Casablanca

Trip Start Apr 28, 2007
1
48
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Trip End Oct 26, 2007


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Monday, September 17, 2007

After our time in Essauoira Gary and Joy had a night in Marrakech, then flew back to UK, while Jen and Brian caught the train from Marrakech to Casablanca. The countryside is very stark, and it's hard to believe it can be farmed. Rangy sheep pick at mere wisps of grass, and we had been told that goats climbed up the argane trees to feed on the nuts but until Jen saw them for herself, it seemed very fanciful.

We arrived at the railway station after a 4 hour train trip, to spot the Hotel Ibis which looked particularly attractive after our Moroccan bathroom experiences so far, but we had booked into Hotel Central where James had stayed a few weeks earlier. This was on the edge of the Medina and on a square where the end of a Ramadan day was warming up. Jen could have done with a good western style bathroom, particularly after her experiences with a 2nd class loo on the train (we won't go into the details unnecessarily) but we stayed because the guy at reception was so friendly and helpful. He directed us to a very good restaurant, but when we finally got there it was shut for Ramadan. We (Brian) did eat there the next day - the full Moroccan feast after sunset, which seems to be part of the breaking of the fast during Ramadan.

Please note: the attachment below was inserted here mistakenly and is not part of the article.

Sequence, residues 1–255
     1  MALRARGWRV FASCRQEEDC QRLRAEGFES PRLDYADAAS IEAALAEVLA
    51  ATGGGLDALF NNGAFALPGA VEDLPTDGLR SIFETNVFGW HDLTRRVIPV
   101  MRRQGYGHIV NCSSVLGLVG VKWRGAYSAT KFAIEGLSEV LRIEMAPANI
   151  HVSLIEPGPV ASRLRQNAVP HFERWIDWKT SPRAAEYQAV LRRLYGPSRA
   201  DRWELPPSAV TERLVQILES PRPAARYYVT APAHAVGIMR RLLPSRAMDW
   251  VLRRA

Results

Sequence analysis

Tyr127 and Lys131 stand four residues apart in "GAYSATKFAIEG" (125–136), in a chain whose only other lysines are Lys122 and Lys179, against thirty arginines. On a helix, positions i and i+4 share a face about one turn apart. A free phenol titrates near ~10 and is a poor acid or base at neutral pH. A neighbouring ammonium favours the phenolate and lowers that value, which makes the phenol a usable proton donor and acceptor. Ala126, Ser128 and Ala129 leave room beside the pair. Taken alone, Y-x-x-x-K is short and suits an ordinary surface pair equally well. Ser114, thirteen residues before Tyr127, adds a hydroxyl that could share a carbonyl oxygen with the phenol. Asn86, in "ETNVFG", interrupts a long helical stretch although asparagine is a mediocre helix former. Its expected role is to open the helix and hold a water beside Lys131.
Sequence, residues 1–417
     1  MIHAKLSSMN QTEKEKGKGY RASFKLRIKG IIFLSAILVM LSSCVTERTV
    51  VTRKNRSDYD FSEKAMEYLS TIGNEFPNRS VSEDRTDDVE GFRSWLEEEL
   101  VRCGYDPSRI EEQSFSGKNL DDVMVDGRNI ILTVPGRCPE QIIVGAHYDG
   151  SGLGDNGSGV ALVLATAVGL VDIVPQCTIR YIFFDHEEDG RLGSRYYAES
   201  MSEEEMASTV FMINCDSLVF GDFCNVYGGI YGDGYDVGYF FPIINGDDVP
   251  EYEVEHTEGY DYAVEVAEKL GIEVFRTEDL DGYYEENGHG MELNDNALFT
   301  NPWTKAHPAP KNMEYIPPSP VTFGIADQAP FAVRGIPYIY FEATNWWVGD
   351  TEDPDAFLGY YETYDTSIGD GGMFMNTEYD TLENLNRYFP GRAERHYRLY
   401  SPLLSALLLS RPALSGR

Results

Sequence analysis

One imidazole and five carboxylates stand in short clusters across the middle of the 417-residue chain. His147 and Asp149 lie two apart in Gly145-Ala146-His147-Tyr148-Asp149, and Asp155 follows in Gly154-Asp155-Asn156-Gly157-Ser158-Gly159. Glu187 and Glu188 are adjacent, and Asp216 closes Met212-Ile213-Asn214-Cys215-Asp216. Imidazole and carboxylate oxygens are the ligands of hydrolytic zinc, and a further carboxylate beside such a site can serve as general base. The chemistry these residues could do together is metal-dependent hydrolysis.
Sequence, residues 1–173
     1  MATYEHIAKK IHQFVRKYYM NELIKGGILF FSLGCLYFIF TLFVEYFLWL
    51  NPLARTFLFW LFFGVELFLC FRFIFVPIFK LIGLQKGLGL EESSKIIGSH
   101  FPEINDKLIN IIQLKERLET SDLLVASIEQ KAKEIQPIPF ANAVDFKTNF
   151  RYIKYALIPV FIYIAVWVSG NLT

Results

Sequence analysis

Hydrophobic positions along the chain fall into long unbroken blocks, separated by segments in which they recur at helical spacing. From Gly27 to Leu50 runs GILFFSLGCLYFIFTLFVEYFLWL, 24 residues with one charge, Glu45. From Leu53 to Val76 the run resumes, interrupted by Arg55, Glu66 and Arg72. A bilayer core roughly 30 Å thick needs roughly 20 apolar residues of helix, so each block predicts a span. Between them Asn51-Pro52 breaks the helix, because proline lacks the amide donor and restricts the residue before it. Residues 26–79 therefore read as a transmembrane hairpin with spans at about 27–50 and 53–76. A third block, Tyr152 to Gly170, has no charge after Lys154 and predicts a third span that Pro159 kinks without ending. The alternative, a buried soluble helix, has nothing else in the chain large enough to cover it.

In Casablanca we visited the largest mosque outside Mecca, and the only one which non-Muslims may enter. With 20,000 metres of space there is room for 25,000 worshippers.  Are men more worshipful?  the fact is that downstairs there is room for 20,000 men and the 5,000 women that the Mosque Hassan II can accomodate must go upstairs.  It has the highest religious minaret in the world - over 200 metres high. Everyone in Morocco had to contribute according to their means, and construction took 6 years from 1987 - 1993. with 2,500 workers and 10,000 craftsmen working 24 hours a day on it.  It is quite simply mindboggling - in a modern interpretation of the mediaeval European cathedrals, sort of a way.

For the rest of the day we were up to little more than lounging on a rather average beach, the Ain Daib, and noting that the local women didn't really "do" beaches other than in full length and decorous dress.

 
 
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